Creating Applications Using The Model-View-View Model Pattern

5,455 views

Published on

Need a new acronym for your resume? The Model-View-ViewModel (MVVM) pattern is a variation of Model-View-Presenter (MVP) that is tailored for modern UI development platforms where the View is the responsibility of a designer rather than the developer. This has lead to the pattern becoming very popular with WPF and Silverlight application developers lately. This presentation will walk you through creating a business application from scratch in both WPF and Silverlight using the MVVM pattern.

Published in: Technology, Education
0 Comments
1 Like
Statistics
Notes
  • Be the first to comment

No Downloads
Views
Total views
5,455
On SlideShare
0
From Embeds
0
Number of Embeds
49
Actions
Shares
0
Downloads
174
Comments
0
Likes
1
Embeds 0
No embeds

No notes for slide

Creating Applications Using The Model-View-View Model Pattern

  1. 1. Creating Applications using the Model-View-ViewModel Pattern Matt Casto mattcasto@gmail.com http://twitter.com/mattcasto
  2. 2. Developing Software is HARD
  3. 3. Developing Software is HARD
  4. 4. Patterns Help … but its still HARD!
  5. 5. Model – View – ViewModel
  6. 6. Model – View – Controller
  7. 7. Model – View – Controller • Regarded as the first pattern to seperate UI, Data & Logic concerns • Controller handles all logic, including Mouse & Keyboard events
  8. 8. Model – View – Presenter
  9. 9. Model – View – Presenter • Variation of MVC • Tailored for modern UI that handles Mouse & Keyboard events better • Presenter depends on View
  10. 10. Presentation Model
  11. 11. Presentation Model • Published by Martin Fowler in 2004 • View is a rendering of the Presentation Model
  12. 12. Presentation Model “Probably the most annoying part of Presentation Model is the synchronization between Presentation Model and view. It’s simple code to write, but I always like to minimize this kind of boring repetitive code. Ideally some kind of framework could handle this, which I’m hoping will happen someday with technologies like .NET’s data binding.” – Martin Fowler
  13. 13. Model
  14. 14. Model – Your Data
  15. 15. Model – Your Data • Entities • Service Proxy • POCO
  16. 16. Model – Your Data View
  17. 17. Model – Your Data View – User Interface
  18. 18. Model – Your Data View – User Interface • XAML (WPF) • XAML w/ Code Behind (Silverlight)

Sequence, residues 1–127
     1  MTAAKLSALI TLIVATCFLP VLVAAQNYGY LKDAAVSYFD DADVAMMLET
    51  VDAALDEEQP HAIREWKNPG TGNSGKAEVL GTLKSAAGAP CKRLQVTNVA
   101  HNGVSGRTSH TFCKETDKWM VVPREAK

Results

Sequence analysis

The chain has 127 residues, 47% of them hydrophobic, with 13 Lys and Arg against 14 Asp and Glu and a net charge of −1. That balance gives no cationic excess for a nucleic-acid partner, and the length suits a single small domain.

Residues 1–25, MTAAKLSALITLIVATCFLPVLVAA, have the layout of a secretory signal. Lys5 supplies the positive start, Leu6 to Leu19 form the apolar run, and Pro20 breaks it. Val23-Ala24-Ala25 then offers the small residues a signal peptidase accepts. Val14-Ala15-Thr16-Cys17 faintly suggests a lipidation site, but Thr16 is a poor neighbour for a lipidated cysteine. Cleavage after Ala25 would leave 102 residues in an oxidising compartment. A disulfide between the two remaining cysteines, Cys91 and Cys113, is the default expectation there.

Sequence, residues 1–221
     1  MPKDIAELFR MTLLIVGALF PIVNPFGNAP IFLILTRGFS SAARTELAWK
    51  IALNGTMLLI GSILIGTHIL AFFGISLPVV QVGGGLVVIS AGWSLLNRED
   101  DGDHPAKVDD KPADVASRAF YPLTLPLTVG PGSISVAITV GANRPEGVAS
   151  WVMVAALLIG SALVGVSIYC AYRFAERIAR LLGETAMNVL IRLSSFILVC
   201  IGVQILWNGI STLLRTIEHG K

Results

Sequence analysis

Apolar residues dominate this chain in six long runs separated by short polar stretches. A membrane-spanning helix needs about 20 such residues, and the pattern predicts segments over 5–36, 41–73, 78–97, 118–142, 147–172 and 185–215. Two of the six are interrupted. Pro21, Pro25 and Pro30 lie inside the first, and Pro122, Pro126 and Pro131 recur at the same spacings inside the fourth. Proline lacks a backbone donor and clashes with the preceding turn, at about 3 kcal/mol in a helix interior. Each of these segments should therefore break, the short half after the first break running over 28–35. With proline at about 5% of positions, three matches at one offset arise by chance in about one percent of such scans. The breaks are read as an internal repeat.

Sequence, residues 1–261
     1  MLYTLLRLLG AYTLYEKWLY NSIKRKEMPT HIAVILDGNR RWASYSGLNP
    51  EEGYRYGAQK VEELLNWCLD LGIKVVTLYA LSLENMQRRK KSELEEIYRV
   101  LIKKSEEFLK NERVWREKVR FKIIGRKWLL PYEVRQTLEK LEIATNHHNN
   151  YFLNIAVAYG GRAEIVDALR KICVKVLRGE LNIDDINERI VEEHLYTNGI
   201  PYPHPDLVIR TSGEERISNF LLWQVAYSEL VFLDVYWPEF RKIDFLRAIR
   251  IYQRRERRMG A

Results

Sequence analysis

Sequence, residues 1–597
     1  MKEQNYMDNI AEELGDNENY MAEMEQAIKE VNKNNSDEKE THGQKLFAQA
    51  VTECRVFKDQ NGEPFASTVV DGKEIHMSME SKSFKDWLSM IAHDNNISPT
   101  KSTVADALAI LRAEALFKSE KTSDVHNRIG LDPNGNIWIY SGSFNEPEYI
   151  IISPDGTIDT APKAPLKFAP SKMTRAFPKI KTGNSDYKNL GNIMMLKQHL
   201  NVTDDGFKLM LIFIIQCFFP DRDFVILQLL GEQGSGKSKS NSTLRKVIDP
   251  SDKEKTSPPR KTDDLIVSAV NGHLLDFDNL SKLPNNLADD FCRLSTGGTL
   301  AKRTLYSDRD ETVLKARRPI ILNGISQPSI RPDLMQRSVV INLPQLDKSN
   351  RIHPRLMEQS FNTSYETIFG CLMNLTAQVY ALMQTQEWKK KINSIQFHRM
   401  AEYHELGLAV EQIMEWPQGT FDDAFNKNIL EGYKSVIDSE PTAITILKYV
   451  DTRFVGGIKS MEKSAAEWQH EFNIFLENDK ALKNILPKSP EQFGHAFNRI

19. 19. Model – Your Data View – User Interface ViewModel
  20. 20. Model – Your Data View – User Interface ViewModel – The View’s Model
  21. 21. Model – Your Data View – User Interface ViewModel – The View’s Model • State • Operations • Not Dependent on the View
  22. 22. You’re probably already doing something very close to this
  23. 23. You probably could be doing something very close to this
  24. 24. Why do I care about MVVM?
  25. 25. Why should you care about MVVM?
  26. 26. Patterns are a set of guidelines Patterns are not a set of rules
  27. 27. Benefits of MVVM
  28. 28. Benefits of MVVM • Loose Coupling • Testable Code • Maintainable Code
  29. 29. Developers and Designers
  30. 30. DEMO WPF vs Silverlight
  31. 31. DEMO Adding Validation
  32. 32. DEMO Unit Testing
  33. 33. DEMO Commands
  34. 34. Enterprisey Solutions • Component Application Guidance • Caliburn • Roll Your Own
  35. 35. Sources • WPF Apps With The Model-View-ViewModel Design Pattern – Josh Smith http://msdn.microsoft.com/en-us/magazine/dd419663.aspx • Model-View-ViewModel In Silverlight 2 Apps – Shawn Wildermuth http://msdn.microsoft.com/en-us/magazine/dd458800.aspx • ViewModel Pattern in Silverlight using Behaviors – Nikhil Kothari http://www.nikhilk.net/Silverlight-ViewModel-Pattern.aspx • Using RoutedCommands with a ViewModel in WPF – Josh Smith http://www.codeproject.com/KB/WPF/VMCommanding.aspx • Presentation Model – Martin Fowler http://martinfowler.com/eaaDev/PresentationModel.html
  36. 36. THANKS!! Matt Casto mattcasto@gmail.com http://twitter.com/mattcasto

×